The Sherry Cobbler is an American-born cocktail by most accounts. A simple mix of sherry, sugar and citrus that is shaken, poured over crushed ice and slurped through a straw, the Cobbler is thought to have originated sometime in the 1820s or early 1830s. But like most 19th Century drinks, its origins are foggy.
Cocktail historian David Wondrich is credited with digging up the first-known mention of the Sherry Cobbler from the 1838 diary of Katherine Jane Ellice, a Canadian who took note of the drink while traveling in the U.S. But its great launching pad to international renown came courtesy of Charles Dickens and his The Life and Adventures of Martin Chuzzlewit. In a scene now famous among cocktail dorks, Chuzzlewit, reacting to his first Sherry Cobbler, sums up the 19th-century sentiment around the drink: “Martin took the glass with an astonished look; applied his lips to the reed; and cast up his eyes once in ecstasy. He paused no more until the goblet was drained to the last drop. ‘This wonderful invention, sir,’ said Mark, tenderly patting the empty glass, ‘is called a cobbler. Sherry Cobbler when you name it long; cobbler, when you name it short.’”
Certainly Chuzzlewit was astonished at the drink’s beauty, but also at the act of sipping through a straw—a novel concept at the time. Were it not for the Sherry Cobbler, which is credited with introducing the straw to popular consciousness, we might still be dumping ice down our chins to get to the bottom of a drink.
So what is sherry? Sherry is a fortified wine made from white grapes that are grown near the city of Jerez de la Frontera in Andalusia, Spain. Sherry is produced in a variety of styles made primarily from the Palomino grape, ranging from light versions similar to white table wines, such as Manzanilla and Fino, to darker and heavier versions that have been allowed to oxidise as they age in barrel, such as Amontillado and Oloroso. Sweet dessert wines are also made from Pedro Ximenez or Moscatel grapes, and are sometimes blended with Palomino-based sherries.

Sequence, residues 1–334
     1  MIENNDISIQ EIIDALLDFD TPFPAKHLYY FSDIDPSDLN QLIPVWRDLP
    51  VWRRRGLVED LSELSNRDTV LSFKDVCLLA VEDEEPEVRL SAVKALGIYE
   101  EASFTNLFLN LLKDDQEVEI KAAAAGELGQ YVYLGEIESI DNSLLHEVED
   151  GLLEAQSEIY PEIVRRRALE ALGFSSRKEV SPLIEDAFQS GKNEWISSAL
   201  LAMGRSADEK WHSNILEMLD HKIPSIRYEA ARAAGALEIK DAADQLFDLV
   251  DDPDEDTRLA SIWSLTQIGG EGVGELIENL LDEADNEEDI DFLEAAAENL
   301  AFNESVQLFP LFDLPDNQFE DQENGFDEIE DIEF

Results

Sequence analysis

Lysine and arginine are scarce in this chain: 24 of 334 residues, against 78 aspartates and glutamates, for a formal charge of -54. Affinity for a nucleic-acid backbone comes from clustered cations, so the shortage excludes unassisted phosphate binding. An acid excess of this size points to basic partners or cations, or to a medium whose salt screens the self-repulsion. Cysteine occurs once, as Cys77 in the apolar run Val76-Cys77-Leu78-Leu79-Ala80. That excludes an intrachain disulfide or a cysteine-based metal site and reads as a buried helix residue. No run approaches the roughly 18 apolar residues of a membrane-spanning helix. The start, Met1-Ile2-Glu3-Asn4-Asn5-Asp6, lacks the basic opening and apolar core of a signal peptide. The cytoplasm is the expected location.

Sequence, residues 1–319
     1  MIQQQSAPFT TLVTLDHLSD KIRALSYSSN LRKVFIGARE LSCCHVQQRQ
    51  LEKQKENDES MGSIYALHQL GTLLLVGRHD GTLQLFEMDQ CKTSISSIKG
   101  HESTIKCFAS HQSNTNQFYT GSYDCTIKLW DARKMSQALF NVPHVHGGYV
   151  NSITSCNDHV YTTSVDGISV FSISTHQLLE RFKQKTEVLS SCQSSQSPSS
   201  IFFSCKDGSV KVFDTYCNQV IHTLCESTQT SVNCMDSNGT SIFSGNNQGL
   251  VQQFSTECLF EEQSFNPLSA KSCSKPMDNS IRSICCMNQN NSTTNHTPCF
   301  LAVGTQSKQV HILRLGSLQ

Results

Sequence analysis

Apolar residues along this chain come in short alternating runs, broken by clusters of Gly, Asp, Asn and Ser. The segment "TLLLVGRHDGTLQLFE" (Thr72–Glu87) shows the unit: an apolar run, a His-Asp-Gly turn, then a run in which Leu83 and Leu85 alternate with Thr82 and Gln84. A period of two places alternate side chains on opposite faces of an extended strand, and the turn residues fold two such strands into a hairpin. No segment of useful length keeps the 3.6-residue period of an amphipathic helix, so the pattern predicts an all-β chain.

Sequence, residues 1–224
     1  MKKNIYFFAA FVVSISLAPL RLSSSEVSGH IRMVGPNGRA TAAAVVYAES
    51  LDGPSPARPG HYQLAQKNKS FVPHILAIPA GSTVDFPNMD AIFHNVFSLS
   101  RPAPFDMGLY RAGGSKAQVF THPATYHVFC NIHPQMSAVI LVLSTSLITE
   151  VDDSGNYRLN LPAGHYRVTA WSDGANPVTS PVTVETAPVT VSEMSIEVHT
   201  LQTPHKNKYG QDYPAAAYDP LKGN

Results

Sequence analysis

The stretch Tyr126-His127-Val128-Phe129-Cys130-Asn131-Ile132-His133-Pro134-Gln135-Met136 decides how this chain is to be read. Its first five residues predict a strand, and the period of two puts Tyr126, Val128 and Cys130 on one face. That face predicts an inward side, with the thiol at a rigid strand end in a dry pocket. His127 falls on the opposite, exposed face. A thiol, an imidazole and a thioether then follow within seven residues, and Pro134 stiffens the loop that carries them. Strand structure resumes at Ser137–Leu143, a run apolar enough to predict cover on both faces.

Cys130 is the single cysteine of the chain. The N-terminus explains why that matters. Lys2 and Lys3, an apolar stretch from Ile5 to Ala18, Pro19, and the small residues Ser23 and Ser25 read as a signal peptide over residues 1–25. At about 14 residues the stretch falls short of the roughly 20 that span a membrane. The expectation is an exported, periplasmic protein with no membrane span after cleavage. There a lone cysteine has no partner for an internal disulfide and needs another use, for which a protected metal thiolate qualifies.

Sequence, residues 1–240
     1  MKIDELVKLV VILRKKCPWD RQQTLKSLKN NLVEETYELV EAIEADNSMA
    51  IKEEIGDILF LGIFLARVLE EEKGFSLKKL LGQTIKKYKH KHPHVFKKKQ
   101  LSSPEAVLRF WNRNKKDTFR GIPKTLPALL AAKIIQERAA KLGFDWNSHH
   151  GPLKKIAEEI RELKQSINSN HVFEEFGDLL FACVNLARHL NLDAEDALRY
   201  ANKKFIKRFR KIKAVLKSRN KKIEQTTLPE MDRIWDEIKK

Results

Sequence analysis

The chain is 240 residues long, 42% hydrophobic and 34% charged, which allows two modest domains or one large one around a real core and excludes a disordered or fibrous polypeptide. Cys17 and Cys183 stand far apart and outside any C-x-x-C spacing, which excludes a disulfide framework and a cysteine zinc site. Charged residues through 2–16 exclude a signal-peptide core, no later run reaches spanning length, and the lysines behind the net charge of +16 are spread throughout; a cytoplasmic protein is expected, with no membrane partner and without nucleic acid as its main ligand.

The place where you really get the most out of this cocktail is customization. What sherry and what fruit to use? The combinations are endless. Really you can use whatever citrus you have on had. A few personal favorites of mine include using clean Manzanilla with lemon and orange wedges during the summer and rich Pedro Ximenez with grapefruit and fig during the winter, but its really up to you. I strongly suggest this one over the warm months, and if you are in Nashville, come by and let me take care of the work for you.
2 ounces Amontillado sherry
½ ounce simple syrup
3 orange slices
Directions: In a mixing tin, add orange wedges and sugar. Muddle well. Add sherry, ice and shake vigorously. Strain into a tall glass and fill the glass with sonic ice. Garnish with a fresh mint sprig, seasonal fruit, and grated nutmeg.
10. We'll have coverage of Ole Miss baseball, football/basketball recruiting and whatever else may pop up this week. Until then, here are some links of interest to me _ and hopefully, to you _ for your reading pleasure.
Also, a note about 10 Weekend Thoughts: My oldest, Campbell, and I are doing the college tour thing the next two weekends, so the timing of this item of content may or may not be impacted. We're going to Ruston, La., this weekend to see Louisiana Tech, so everything should remain on schedule. A week later, we're scheduled to visit both Arkansas and Oklahoma. If we actually make it to Norman, this might get pushed back a day. We'll see. Thanks for understanding.